On behalf of the Technology Integrated Health Management (TIHM) project, Treena presented an overview of the TIHM project, in a presentation entitled “An integrated internet of things (IoT) based solution in a dementia care context with Kieren giving his presentation “Empowerment of people with dementia and their carers: Big Data and Machine Learning to the rescue?”
Both talks were well received (for abstracts please click here). Treena answered questions on the recruitment of participants and the support of people with dementia during the trial and Kieren answered questions regarding big data and more general questions including why the care of people with dementia differs across different areas of the UK (which his presentation had touched on) and the issue of consent in the TIHM study.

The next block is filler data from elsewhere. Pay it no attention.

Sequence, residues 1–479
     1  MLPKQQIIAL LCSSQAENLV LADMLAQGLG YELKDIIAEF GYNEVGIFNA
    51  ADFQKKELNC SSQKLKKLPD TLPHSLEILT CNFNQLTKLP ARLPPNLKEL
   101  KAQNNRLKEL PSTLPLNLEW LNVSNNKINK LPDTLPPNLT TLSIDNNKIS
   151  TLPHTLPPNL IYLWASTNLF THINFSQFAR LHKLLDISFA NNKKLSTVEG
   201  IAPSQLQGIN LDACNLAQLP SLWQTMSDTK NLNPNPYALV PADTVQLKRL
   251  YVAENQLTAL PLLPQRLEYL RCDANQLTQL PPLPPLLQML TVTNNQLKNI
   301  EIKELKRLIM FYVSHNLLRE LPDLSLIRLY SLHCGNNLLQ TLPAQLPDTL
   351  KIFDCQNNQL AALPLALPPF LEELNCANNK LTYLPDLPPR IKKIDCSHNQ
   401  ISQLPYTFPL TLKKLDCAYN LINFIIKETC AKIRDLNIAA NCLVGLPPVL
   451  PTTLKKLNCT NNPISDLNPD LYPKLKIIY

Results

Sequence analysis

Attending the conference gave us opportunities to see other examples of research in progress worldwide and network with other academics and health professionals. The posters and presentations at the conference covered a broad spectrum including the latest research on treatment and care of people with dementia, developing and implementing dementia policy, younger onset dementia and planning for the needs of people with dementia during natural disasters. The technology and dementia sections of the conference were of particular interest to us and included presentations on web based interventions for people with dementia and their caregivers and the use of accessible apps with people with dementia.